When coming up with your next story, it’s important to keep ideas organized. XMind is a brainstorming tool that helps you make creative mind maps that can aid in efficiency, creativity, and collaboration.

Currentsin the words of Parsely’s Co-Founder and CEO, Sachin Kamdar, is the world’s first live view of what people care about online. Built on’s network of thousands of high-traffic, premium content sites, Currents is a free tool that shows the attention of over 1 billion people each month and 850,000 viewed articles each day. It enables publishers to see which topics are performing the best in news sites around the world. It also shows the keywords that people are using to search the content and how those topics have performed historically.


While TinEye has been around for a few years, its importance as a tool has grown as journalists have become increasingly vulnerable to fake news especially around imagery and photos. TinEye is an image search engine that uses image identification technology rather than keywords, metadata or watermarks. When you submit an image on the Tineye website it will scour the web to find out when and where it was used first. TinEye creates a unique digital signature or fingerprint of the image and matches it with other indexed images. This also allows it to determine whether the image has been digitally tampered with.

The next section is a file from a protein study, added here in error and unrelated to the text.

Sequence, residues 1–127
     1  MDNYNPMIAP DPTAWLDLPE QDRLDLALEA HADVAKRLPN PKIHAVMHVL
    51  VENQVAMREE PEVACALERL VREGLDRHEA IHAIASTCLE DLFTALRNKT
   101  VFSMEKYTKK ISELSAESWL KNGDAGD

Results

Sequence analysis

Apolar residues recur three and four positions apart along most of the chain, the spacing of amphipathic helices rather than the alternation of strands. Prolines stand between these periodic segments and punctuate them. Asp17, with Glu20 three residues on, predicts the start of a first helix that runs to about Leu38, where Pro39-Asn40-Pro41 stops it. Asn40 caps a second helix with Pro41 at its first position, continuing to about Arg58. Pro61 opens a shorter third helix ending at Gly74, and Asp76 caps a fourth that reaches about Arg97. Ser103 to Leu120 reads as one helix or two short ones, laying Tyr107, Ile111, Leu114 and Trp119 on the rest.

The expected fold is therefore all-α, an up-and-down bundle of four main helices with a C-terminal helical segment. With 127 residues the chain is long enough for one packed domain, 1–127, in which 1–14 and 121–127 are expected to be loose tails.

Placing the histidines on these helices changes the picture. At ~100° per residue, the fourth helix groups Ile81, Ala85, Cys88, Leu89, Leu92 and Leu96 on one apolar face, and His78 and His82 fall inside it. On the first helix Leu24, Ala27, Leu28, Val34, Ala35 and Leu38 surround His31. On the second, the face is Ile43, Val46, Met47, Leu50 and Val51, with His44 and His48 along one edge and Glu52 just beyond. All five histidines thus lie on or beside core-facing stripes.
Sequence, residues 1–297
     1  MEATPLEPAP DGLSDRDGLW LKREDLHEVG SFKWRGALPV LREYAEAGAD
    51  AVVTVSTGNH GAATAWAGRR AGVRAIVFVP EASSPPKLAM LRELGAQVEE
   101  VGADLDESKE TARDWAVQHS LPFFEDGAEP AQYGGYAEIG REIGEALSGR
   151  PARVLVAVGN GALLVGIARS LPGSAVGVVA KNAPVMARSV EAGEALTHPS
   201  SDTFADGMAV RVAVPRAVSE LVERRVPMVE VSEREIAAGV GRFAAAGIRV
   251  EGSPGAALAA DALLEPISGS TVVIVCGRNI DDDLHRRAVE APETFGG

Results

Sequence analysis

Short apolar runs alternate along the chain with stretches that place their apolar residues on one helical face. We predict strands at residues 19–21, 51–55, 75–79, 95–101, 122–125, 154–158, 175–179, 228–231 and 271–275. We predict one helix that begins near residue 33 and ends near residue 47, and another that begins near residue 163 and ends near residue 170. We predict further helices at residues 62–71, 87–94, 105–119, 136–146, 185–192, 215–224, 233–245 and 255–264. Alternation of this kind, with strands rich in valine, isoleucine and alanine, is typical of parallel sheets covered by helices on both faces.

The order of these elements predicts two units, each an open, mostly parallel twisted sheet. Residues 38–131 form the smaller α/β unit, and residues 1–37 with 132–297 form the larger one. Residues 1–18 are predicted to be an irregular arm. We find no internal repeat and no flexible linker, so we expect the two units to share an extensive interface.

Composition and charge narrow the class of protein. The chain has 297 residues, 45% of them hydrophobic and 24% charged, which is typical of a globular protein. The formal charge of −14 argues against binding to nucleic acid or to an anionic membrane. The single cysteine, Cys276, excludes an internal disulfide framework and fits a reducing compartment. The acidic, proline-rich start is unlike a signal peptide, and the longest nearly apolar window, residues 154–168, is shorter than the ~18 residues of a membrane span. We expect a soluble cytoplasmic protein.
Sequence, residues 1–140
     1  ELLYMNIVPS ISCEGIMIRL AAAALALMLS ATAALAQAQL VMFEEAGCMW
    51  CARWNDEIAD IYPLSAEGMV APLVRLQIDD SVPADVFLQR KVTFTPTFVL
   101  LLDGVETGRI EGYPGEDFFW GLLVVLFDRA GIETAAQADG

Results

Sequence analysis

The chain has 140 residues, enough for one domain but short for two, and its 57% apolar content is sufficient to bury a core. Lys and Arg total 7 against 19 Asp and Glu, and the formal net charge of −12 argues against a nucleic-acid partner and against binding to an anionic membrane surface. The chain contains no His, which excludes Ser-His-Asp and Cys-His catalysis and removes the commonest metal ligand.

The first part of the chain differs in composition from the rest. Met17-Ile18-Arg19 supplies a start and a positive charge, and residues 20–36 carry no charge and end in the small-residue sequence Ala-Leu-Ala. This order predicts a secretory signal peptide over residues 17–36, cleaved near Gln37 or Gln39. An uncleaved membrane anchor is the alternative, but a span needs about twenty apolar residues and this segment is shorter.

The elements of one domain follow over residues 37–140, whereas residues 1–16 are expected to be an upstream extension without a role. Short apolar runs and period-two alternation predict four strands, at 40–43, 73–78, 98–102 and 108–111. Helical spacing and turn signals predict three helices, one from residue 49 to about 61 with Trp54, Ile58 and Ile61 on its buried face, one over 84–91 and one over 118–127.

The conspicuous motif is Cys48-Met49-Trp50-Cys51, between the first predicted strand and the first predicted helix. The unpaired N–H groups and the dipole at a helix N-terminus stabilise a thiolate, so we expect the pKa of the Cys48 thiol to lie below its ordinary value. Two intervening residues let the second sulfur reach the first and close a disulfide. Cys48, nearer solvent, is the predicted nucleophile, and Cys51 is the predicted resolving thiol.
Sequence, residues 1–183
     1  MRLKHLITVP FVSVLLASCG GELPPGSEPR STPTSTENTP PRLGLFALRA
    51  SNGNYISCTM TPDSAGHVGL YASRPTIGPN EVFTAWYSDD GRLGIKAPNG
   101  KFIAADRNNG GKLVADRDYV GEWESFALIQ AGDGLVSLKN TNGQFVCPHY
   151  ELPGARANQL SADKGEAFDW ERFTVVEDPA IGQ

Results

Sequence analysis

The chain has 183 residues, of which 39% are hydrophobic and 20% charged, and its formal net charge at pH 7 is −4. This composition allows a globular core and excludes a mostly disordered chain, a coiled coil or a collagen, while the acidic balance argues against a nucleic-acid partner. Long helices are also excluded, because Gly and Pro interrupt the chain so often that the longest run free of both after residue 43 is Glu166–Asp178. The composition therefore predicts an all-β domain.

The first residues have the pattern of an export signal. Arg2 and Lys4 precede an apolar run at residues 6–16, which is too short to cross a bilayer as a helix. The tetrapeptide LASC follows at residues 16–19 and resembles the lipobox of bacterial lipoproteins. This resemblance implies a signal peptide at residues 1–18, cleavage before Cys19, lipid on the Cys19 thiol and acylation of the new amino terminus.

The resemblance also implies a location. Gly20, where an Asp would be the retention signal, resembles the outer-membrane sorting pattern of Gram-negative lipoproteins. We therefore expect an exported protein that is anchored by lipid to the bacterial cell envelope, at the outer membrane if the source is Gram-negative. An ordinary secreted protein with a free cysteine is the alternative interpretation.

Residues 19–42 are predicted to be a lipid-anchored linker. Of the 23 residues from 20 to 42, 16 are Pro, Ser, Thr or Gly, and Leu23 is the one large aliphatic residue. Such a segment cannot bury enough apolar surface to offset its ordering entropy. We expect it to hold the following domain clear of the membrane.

Account Analysis for Twitter

Account Analysis looks at all of a Twitter user’s public tweets and provides analysis through easy-to-grasp visualizations. It’s helpful for anyone trying to learn more about another user. Use it when you want to make sure someone is legit before you embed a tweet in a story, fact-check a bold claim, or attempt to identify if a user is a bot or not.


This site collects and makes available public safety and other audio streams from across the country. Even better, with a subscription, it gives users access to 365 days of archived recordings.